The hot seating could open up in various ways from here, perhaps asking more about the mother, asking a related question about what else the girl fears, or changing the subject completely by asking what is her favourite dinner. All these questions help to build the actor’s understanding of this character: we are formed partly by who our parents are, our fears affect how we react to situations and people, and our taste in food reveals much about our class, culture and attitude to eating.
The process, which lasts around ten minutes, can be grueling; the result is that a more dense and complex character has now been formed, with whom all the actors can now play when devising their performance. The mother, for example, may never be mentioned, and yet the knowledge that everyone shares about her will inform the play. Then it’s on to the next actor to take the hot seat.
Jacques Lecoq and Ancient Greek Theatre
The problem with hot seating, though, is it is static: it’s a hot seat, not a hot stage. So here is where Lecoq’s exercise comes in. In Ancient Greek theatre, the chorus, who had the role of commenting on the action unfolding on the stage, sometimes had a leader called acoryphaeus. Therefore, Lecoq would instruct his actors to imagine the stage was like a wobble board balanced on a central pivot, and that one of them was this coryphaeus. The coryphaeus was deemed to weight the same as the combined weight of the other actors, and would begin by standing next to the imaginary central pivot, with the other actors the same distance from it on the other side. The coryphaeus would then begin to move around and it was up to the other actors to counterbalance his weight by changing their positions, to prevent the stage from ‘tilting’.
In hot staging, I combine the coryphaeus exercise and hot seating to create a technique where actors embody their characters as they learn about them, so that this knowledge becomes remembered not just by their minds but by their bodies. The actor being questioned is the coryphaeus, who then responds to the questions at a physical, as well as a mental, level, by how she positions herself in relation to the other actors. The other actors need instantly to respond to this by trying to counterbalance the coryphaeus’s weight. But what begins as a mathematical problem takes on a gripping, psychological dimension.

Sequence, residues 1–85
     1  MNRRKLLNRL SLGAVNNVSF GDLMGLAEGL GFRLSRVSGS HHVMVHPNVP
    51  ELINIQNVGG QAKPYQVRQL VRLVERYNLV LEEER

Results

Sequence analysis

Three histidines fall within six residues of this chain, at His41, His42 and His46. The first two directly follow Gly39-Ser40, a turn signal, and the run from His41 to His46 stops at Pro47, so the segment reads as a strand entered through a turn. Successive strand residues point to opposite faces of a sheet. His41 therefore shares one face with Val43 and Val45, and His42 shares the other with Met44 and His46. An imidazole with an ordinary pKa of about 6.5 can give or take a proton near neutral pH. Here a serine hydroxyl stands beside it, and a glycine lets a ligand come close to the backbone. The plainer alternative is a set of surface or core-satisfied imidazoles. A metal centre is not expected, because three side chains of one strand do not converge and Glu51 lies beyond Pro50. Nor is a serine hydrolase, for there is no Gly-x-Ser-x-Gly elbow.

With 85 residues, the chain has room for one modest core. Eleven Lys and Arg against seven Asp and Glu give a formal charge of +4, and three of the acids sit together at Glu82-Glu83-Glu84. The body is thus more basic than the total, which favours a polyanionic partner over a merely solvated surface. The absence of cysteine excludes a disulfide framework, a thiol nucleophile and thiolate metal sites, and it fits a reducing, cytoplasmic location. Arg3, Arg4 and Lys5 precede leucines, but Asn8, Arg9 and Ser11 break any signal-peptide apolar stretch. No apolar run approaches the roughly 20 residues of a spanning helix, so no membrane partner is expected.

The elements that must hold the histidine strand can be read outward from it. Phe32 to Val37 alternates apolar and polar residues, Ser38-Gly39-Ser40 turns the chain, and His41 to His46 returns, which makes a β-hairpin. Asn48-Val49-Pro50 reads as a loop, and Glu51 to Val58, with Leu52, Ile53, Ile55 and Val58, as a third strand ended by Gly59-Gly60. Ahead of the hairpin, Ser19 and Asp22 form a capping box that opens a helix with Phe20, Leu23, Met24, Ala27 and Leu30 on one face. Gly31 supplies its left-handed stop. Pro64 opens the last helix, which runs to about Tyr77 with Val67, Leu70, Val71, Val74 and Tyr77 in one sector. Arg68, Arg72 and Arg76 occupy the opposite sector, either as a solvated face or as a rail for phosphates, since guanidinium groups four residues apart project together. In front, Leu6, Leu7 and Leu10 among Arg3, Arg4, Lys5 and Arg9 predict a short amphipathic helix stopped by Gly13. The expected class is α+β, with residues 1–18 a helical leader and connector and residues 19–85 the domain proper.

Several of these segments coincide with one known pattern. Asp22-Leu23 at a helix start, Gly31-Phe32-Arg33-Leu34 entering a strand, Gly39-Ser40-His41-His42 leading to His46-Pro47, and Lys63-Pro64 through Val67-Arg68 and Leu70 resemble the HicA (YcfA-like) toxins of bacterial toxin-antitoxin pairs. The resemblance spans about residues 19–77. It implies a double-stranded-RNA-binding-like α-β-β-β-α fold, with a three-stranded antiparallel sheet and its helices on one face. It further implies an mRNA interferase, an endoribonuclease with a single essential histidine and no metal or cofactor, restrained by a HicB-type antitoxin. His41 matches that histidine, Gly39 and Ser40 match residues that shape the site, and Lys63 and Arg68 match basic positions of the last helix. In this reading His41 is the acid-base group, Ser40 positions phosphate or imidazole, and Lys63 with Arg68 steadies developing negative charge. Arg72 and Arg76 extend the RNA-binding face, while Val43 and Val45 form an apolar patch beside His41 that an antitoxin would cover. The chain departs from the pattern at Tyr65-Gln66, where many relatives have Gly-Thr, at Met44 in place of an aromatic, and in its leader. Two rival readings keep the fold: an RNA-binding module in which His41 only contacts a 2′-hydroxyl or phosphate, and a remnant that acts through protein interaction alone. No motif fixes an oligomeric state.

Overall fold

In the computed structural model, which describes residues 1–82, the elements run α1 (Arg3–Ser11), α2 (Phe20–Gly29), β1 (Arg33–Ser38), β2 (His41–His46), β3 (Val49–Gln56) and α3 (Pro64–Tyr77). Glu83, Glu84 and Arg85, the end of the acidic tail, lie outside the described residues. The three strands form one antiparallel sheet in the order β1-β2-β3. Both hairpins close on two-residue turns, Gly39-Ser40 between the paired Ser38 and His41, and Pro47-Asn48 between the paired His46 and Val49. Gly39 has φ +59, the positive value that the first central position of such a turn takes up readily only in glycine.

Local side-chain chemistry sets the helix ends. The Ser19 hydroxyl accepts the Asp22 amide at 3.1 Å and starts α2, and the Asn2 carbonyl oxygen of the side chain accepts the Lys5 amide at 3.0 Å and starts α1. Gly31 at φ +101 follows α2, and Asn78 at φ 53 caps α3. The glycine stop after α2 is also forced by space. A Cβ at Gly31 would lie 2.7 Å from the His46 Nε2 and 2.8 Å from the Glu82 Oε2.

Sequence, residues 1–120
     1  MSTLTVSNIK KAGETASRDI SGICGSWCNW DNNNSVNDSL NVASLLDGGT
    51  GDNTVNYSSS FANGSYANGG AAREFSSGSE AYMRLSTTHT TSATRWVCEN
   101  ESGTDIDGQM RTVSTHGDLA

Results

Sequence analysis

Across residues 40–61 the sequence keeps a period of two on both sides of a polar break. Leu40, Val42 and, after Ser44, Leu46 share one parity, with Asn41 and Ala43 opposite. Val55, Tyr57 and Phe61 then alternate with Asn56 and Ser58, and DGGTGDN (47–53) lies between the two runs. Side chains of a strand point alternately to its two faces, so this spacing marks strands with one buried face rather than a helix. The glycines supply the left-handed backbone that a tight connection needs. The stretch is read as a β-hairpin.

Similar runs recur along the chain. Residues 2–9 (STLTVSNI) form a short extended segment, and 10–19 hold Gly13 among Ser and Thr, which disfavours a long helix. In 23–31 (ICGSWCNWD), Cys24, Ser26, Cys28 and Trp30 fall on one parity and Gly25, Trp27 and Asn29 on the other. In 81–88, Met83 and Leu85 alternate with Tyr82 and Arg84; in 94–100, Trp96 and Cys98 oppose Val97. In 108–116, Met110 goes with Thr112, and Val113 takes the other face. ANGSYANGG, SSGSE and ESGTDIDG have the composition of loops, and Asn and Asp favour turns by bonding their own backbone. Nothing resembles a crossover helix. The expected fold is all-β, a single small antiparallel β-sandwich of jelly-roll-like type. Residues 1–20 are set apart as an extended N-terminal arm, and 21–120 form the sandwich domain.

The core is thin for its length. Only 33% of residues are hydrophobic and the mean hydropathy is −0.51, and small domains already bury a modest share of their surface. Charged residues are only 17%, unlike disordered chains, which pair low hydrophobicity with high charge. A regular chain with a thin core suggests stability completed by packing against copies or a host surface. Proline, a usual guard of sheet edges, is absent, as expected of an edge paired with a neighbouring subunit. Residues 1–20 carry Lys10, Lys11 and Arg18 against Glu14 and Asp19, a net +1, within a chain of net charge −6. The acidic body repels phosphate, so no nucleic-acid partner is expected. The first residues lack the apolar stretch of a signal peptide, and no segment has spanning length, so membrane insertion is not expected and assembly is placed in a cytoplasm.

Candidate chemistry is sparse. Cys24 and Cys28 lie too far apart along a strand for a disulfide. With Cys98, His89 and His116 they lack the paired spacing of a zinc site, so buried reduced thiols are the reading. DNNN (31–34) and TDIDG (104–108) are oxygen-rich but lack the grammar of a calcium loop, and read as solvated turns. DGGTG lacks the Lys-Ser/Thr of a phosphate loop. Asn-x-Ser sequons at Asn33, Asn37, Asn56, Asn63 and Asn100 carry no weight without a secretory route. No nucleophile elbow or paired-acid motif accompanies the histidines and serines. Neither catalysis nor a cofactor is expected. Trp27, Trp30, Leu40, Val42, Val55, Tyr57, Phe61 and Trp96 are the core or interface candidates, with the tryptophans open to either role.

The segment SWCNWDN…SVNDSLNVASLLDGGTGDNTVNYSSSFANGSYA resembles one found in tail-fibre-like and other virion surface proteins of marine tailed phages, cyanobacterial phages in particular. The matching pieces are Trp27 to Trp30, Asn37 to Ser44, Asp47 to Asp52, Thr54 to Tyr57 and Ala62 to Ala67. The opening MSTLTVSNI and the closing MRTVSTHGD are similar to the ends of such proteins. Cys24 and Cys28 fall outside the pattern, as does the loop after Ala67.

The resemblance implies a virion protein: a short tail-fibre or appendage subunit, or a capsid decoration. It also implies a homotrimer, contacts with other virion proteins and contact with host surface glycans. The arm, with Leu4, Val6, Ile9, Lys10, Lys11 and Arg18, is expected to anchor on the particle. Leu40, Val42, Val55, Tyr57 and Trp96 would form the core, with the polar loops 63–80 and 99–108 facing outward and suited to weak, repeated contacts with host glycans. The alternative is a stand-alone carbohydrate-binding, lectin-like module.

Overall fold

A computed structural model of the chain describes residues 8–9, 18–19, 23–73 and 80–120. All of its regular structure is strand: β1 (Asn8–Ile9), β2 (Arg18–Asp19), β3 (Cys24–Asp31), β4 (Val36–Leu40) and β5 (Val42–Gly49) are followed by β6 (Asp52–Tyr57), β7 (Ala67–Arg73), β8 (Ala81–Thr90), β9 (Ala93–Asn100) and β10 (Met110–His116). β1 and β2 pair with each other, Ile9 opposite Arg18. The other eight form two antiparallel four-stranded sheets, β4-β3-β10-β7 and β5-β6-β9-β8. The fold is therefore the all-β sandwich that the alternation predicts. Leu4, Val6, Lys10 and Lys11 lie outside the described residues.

A Hot Staging Example: the Little Girl
Let's replay the previous example:
An actor is to play an eight-year-old girl. Someone asks: ‘What is your greatest fear?’ The actor replies:‘That I will be lost in a park and it’s getting dark and my mummy can’t find me.’
This time, however, the actor responds to that emotion of fear, and that fantasy of the dark park, physically as well. Since she is currently next to the central pivot, the other actors will also be huddled close to her. Does the girl find that comforting or intimidating? Does she try to get even closer? If she does, the other actors must also press in closer, until they are touching. Is that too much? Does she then pull away, causing the actors to move away as well, or does she clutch one of them? Does she see these actors as strangers, ghosts, familiar faces? If strangers, are they to be trusted?
From this, you can already glimpse the compelling dynamics that can be provoked, and how this can offer insights for all the actors. No-one can sit back, half-listening, as everybody has to be intently involved and ready to move. Each becomes aware of the power they have to shatter the pattern of actors on stage by even a change in physical posture or in the tone of their voice: perhaps an actor asks a question aggressively and provokes a violent reaction in the girl, which then causes a ripple effect through the other actors. Or perhaps the girl is running around playfully, causing the others to run too, and then a seemingly innocent question stops her - and therefore the other actors - in her tracks.
That innocent question might be about her favourite dinner. The girl freezes and then runs as far away as she can and hides, because perhaps the dinner table in her house is a place of terror. Now the other actors must also go to the far reaches of the stage, so the next question must be shouted over, with all intimacy lost.
After the Hot Staging
Afterwards, all the actors need to discuss what they experienced. Still stay standing, so that emotions can be demonstrated physically and earlier movements easily replayed. Has this given one of the actors a revelation about how his character might respond to the little girl character, about how their lives might cross?
Then he can be the next one up to take the role of the coryphaeus and explore who he is.